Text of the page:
[Ip-health] A doc’s call against patent overdose

Tahir Amin tahir at i-mak.org
Mon Dec 15 13:55:32 PST 2014


 Minor tweaks by pharma cos prevent drugs from becoming generic: Atul
  Mumbai, Dec 15:

jyothi.datta at thehindu.co.in

Public health groups have a supportive voice in American surgeon-author
Atul Gawande in their fight to break “secondary patents” that drug
companies seek on existing medicines.

“The effort by public health organisations to fight ….to break the
secondary patents, I think, is the right fight..even though I’m (from) a
country that’s trying to enforce those kind of secondary patents,” Gawande
told *BusinessLine*, during a whistle-stop India tour in India to promote
his latest book “Being Mortal”.

“You need enough incentive that the drugs can be created and innovation can
happen but then there has to be that release point where it then can go out
into the world as a generic,” says the cancer-surgeon, whose book was among
American President Barack Obama’s recent buys.

“Being Mortal” takes a critical view of treatment beyond medicines and how
ill-prepared doctors are to handle mortality.

“Patents can be respected to allow companies to invest in innovation. But
then when companies create secondary patents where they make a little tweek
that means that the drug is given with a slightly different milligram
dosage or slightly different formulation that you can get a secondary
patent - that prevents it from ever becoming generic and widely available,”
Gawande says, responding to a query on patents and the price monopolies it
could bring in.

His observation comes even as India and the US engage in intense
discussions on patents that give the innovator exclusive rights on an
invention for a period of time.

*Better birth *

On quality issues plaguing locally made medicines, he points out, the
recent death of women during mass sterilisation was “concerning” in many
ways. The mass sterilisation is a concern, use of drugs reportedly of poor
quality and the fact that there was no follow-up to see and catch what was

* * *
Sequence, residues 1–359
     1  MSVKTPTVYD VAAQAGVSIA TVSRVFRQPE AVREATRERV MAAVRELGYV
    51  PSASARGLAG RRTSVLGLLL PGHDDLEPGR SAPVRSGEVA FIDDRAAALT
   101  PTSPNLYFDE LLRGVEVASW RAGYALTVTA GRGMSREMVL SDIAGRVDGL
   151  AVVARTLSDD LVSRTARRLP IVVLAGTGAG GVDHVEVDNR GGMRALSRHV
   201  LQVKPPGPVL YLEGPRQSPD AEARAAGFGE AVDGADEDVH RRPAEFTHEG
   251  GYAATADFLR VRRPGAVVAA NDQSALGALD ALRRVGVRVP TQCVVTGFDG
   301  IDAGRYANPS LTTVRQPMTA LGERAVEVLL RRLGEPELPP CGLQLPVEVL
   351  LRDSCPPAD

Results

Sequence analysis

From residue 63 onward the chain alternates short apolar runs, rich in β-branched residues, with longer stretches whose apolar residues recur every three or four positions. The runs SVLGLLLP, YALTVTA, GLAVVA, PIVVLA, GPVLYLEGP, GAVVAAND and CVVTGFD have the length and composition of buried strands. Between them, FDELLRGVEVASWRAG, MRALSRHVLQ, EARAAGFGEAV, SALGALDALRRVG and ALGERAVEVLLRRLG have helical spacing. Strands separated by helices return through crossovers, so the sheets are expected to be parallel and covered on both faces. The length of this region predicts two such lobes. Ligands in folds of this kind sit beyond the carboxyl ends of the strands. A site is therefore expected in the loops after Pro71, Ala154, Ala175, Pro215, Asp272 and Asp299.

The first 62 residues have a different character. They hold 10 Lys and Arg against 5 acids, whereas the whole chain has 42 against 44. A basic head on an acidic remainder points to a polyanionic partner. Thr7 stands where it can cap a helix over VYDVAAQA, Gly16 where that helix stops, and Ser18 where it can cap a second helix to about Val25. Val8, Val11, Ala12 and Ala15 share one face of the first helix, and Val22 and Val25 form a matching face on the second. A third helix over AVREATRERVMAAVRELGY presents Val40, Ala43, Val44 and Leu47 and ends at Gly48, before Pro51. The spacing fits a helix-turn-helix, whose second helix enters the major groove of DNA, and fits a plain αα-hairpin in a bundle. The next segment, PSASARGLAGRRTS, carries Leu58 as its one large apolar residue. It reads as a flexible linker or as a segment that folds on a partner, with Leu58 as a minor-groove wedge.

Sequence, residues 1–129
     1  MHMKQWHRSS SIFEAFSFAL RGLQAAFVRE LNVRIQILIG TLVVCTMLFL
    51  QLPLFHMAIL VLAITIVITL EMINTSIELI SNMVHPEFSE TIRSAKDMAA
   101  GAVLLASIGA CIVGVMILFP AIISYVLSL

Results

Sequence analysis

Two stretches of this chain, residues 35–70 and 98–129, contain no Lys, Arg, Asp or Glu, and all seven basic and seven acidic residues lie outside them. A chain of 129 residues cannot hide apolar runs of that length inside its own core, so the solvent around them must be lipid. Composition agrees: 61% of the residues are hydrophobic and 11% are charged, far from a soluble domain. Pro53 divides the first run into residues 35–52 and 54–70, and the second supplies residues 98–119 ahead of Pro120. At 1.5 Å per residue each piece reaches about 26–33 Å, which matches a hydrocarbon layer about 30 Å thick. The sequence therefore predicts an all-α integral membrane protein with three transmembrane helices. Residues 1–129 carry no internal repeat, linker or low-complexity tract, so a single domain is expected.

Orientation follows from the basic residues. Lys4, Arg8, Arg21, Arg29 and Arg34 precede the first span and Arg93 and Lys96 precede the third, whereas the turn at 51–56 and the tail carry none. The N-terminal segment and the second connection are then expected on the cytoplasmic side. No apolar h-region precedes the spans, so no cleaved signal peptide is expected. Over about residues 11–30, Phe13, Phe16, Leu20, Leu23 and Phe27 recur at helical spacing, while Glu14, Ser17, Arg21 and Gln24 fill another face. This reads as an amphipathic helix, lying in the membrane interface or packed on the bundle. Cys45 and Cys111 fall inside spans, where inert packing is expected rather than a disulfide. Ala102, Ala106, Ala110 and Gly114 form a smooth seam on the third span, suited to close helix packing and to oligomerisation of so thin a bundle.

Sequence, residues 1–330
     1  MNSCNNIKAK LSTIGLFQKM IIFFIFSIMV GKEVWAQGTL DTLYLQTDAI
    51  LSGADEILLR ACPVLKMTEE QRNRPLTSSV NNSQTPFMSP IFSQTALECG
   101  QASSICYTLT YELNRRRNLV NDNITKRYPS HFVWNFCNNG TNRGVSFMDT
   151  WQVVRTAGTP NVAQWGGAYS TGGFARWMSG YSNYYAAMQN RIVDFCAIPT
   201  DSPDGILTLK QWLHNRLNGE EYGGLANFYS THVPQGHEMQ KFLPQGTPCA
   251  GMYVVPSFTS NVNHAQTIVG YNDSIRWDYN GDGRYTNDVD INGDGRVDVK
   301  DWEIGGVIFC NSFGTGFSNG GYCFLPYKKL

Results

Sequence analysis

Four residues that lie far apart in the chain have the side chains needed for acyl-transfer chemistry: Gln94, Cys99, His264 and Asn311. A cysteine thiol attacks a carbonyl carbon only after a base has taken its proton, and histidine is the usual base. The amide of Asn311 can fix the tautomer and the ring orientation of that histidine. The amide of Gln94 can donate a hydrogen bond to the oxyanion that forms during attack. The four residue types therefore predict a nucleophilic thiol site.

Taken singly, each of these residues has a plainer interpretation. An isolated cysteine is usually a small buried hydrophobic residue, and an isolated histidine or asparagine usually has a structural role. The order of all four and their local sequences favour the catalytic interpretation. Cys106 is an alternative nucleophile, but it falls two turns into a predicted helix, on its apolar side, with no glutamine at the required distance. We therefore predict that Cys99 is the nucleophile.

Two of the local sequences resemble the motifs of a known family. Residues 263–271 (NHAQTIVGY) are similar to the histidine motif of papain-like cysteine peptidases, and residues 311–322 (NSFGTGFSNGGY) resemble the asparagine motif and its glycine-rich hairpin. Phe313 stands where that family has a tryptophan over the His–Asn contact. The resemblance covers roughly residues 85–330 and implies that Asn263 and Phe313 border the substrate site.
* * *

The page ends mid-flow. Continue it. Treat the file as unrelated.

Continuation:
happening to people, he explains.

“India reminds me of where we were in our industrial revolution in the US.
The creation of our Food and Drug Administration…a very weak body in the
beginning, but had to develop the standards and processes that made sure
…..medications were safe for people,” he says.

The US parallely created pensions for people, as they lived longer and
needed support post 65 years. “As the Indian economy improves that pressure
will start to come, to have a tax-based system, like our social security
system, like pension systems in Europe. That will be a transformative thing
….for the elderly, as well as family. I see these kind of things happening
in India … and I pay attention to them because they strike me as the
patterns of how societies develop and cope with health.”

*Varanasi visit *

Gawande’s India-visit includes filming a documentary in Varanasi based on
the book, besides overseeing a pubic health project in UP. Along with the
Government, World Health Organisation and Gates Foundation, the “Better
Birth” project is about improving survival when women go to facilities to
deliver. “Being Mortal” is about end of life, this is about the beginning
of life, he says.

Tahir Amin
Co-Founder and Director of Intellectual Property
Initiative for Medicines, Access & Knowledge (I-MAK)
*Website:* www.i-mak.org
*Email:* tahir at i-mak.org
*Skype: *tahirmamin
*Tel:* +1 917 455 6601/+1 646 884 7418/+44 771 853 9472

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